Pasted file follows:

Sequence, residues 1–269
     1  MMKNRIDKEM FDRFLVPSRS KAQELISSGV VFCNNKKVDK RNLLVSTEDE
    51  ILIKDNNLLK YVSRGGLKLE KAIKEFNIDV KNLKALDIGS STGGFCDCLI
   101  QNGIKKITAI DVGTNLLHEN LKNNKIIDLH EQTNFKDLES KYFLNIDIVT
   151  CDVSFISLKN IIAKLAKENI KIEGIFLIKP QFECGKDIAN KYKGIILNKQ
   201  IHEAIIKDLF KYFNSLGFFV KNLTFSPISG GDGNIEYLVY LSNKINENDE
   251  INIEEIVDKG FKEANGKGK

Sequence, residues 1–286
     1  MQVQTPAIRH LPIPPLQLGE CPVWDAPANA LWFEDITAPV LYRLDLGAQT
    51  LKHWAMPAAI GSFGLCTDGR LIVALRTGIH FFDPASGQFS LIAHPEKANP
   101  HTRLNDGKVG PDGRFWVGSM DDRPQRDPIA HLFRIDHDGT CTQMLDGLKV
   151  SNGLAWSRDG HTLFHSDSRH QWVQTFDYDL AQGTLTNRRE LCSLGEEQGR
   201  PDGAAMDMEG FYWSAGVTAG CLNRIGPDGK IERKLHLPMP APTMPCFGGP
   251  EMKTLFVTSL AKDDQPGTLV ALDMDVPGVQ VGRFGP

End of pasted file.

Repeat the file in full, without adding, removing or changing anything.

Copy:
Sequence, residues 1–269
     1  MMKNRIDKEM FDRFLVPSRS KAQELISSGV VFCNNKKVDK RNLLVSTEDE
    51  ILIKDNNLLK YVSRGGLKLE KAIKEFNIDV KNLKALDIGS STGGFCDCLI
   101  QNGIKKITAI DVGTNLLHEN LKNNKIIDLH EQTNFKDLES KYFLNIDIVT
   151  CDVSFISLKN IIAKLAKENI KIEGIFLIKP QFECGKDIAN KYKGIILNKQ
   201  IHEAIIKDLF KYFNSLGFFV KNLTFSPISG GDGNIEYLVY LSNKINENDE
   251  INIEEIVDKG FKEANGKGK

Sequence, residues 1–286
     1  MQVQTPAIRH LPIPPLQLGE CPVWDAPANA LWFEDITAPV LYRLDLGAQT
    51  LKHWAMPAAI GSFGLCTDGR LIVALRTGIH FFDPASGQFS LIAHPEKANP
   101  HTRLNDGKVG PDGRFWVGSM DDRPQRDPIA HLFRIDHDGT CTQMLDGLKV
   151  SNGLAWSRDG HTLFHSDSRH QWVQTFDYDL AQGTLTNRRE LCSLGEEQGR
   201  PDGAAMDMEG FYWSAGVTAG CLNRIGPDGK IERKLHLPMP APTMPCFGGP
   251  EMKTLFVTSL AKDDQPGTLV ALDMDVPGVQ VGRFGP